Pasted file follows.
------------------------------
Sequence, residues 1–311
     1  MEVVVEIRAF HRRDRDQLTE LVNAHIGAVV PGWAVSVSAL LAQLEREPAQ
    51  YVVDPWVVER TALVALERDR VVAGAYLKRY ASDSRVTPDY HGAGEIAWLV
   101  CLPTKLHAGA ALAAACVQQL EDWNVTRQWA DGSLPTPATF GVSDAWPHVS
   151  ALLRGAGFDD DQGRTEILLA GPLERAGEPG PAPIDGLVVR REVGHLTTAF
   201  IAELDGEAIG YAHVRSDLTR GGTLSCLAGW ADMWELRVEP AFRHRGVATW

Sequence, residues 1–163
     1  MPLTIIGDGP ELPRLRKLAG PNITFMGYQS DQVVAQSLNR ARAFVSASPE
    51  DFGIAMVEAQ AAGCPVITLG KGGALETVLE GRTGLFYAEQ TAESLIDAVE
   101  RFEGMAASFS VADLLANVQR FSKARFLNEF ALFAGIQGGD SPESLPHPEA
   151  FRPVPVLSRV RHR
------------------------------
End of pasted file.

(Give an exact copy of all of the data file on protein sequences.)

Sequence, residues 1–311
     1  MEVVVEIRAF HRRDRDQLTE LVNAHIGAVV PGWAVSVSAL LAQLEREPAQ
    51  YVVDPWVVER TALVALERDR VVAGAYLKRY ASDSRVTPDY HGAGEIAWLV
   101  CLPTKLHAGA ALAAACVQQL EDWNVTRQWA DGSLPTPATF GVSDAWPHVS
   151  ALLRGAGFDD DQGRTEILLA GPLERAGEPG PAPIDGLVVR REVGHLTTAF
   201  IAELDGEAIG YAHVRSDLTR GGTLSCLAGW ADMWELRVEP AFRHRGVATW

Sequence, residues 1–163
     1  MPLTIIGDGP ELPRLRKLAG PNITFMGYQS DQVVAQSLNR ARAFVSASPE
    51  DFGIAMVEAQ AAGCPVITLG KGGALETVLE GRTGLFYAEQ TAESLIDAVE
   101  RFEGMAASFS VADLLANVQR FSKARFLNEF ALFAGIQGGD SPESLPHPEA
   151  FRPVPVLSRV RHR